And we'll end with an advertisement for a technology that would explode in just a couple years.  No longer would we be at the mercy of the networks - soon, we'd be making our own selection of what movies to watch, and the television experience would never be the same.


  1. These posts really take me back to being a kid in the 70's. Thanks!

  2. I just knew I was going to be a stuntman. In fact, I still harbor secret plans to do it.

  3. Amazing - this really dislodged a lot of memories!

    That BSG ad is fantastic. I know that episode pretty well - the ad oversells it just a tad...

  4. I remember those Lou Rawls Bud commercials and I used to sometime sing, "You'll Never Find, Budweiser like mine!" And it was surprising that the Dallas Cowboys Cheerleaders movie wasn't on the network that was once known as the Cowboys Broadcasting System.

  5. That BSG ad is, indeed, a Frazetta piece: http://zenade.angelfire.com/galacticaf/Franzetta04.jpg

  6. Beautiful. Love old TV Guides. Like travelling through time.

  7. I also have no recollection of "Kaz". However, I did notice the "Kaz" ad had a pic of Patrick O'Neal, or, as I call him, the poor man's Peter Lawford. When I was younger, I would get those two mixed up, as they both had the same look and kind of sounded alike.

    1. KAZ was a great show that never got a chance. On at 10 pm in most markets it was one of those "poor kid, thrown in jail, becomes a lawyer and gets himself set free. Hired by a POSH law firm he is the only lawyer without an Ivy League education.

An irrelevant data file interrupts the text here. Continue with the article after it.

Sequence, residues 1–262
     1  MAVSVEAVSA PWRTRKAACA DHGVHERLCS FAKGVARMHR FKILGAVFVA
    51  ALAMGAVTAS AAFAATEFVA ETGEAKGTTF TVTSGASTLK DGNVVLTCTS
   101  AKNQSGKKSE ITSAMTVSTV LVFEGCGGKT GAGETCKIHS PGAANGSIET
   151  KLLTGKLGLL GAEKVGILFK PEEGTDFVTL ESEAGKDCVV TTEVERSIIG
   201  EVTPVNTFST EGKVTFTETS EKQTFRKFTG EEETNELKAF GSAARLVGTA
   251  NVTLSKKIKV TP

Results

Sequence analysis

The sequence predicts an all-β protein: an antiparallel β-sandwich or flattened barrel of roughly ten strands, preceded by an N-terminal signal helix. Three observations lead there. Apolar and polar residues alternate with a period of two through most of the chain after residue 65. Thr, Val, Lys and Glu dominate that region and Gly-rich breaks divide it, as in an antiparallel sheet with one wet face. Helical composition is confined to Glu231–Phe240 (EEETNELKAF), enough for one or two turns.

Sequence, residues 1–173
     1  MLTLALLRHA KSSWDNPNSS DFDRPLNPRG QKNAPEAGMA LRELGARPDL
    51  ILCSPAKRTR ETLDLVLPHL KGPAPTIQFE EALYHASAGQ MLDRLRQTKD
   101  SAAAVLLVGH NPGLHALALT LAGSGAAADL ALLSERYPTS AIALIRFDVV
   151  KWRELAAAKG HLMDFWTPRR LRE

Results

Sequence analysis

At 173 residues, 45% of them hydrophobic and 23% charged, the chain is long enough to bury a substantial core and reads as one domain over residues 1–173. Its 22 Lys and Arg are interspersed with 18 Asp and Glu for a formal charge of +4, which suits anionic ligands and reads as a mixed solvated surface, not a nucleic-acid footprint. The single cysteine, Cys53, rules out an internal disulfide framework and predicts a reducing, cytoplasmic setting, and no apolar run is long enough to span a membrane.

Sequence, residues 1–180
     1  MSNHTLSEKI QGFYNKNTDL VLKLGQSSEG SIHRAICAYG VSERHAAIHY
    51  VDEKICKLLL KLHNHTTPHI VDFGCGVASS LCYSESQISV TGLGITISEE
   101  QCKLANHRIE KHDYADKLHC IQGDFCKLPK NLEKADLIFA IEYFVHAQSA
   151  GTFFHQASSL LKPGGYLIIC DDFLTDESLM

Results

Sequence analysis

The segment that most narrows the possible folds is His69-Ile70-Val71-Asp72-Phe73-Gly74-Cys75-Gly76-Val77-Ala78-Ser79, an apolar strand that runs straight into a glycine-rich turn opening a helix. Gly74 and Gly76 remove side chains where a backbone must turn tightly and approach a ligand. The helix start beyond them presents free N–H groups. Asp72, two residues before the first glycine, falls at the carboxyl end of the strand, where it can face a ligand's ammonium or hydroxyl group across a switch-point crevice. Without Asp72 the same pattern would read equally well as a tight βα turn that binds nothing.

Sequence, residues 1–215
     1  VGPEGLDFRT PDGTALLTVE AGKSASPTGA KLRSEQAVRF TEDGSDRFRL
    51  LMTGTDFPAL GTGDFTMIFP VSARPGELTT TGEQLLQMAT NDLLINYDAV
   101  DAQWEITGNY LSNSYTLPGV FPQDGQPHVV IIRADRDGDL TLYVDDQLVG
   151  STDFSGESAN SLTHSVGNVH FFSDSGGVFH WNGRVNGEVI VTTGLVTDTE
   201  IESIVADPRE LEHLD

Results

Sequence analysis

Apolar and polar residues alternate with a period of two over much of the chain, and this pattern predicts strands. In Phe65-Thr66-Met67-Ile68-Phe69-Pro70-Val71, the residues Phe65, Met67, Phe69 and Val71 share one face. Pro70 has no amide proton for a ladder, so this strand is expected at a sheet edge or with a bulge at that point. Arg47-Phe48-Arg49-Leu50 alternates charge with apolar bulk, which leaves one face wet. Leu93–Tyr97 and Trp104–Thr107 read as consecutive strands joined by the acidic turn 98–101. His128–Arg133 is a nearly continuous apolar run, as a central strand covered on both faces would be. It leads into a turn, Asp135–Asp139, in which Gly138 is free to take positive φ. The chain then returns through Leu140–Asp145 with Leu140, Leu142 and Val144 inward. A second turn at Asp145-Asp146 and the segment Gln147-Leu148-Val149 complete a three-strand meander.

2. Lacey, would you happen to know if anybody ever released the Ron Liebman show KAZ? Been looking for it for years...

  8. This comment has been removed by the author.

  9. Love seeing these old pages--I was a sophmore in high school when this issue came out & holy cow, I remember that Dallas Cowboy Cheerleader movie being "real" must-see tv! Jesus, 4 blank videocassettes cost 100 bucks! (I didnt know anyone who owned a vcr at the time though)

  10. If you're a glutton for punishment (or just like wonderfully awful stuff like me), you can get the "Challenge of the Superheroes" special here:


  11. I think I use to watch The Hardy Boys on Sunday nights around that time (1979.)

  12. Some context on Bucky Dent's appearance...
    While Bucky Dent was good looking, he was arguably the "least great" starter of the 1978 World Series Champions, and he batted ninth. However, he hit a clutch home run in the one-game playoff with the Boston Red Sox that year, and he was the World Series MVP. He did make the all-star team three times, but 1978 was clearly his big year, and he got some mainstream popularity for a short time after that.

  13. My only complaint is that you did not post the entire guide. I bounced from coast to coast all my life but never lived in a "Central Timezone" area. Everything on these pages started an hour earlier than I grew up with and I wanted to see what TV was like AFTER 10 pm.

    Thank you anyway for he great post.

  14. The BSG ad is Frazetta. The signature is cropped off on the right.

  15. I enjoyed reading through this...these listings came less than a year before I was born. One slight correction...Magic Johnson hadn't joined the Lakers until the following season (1979-80).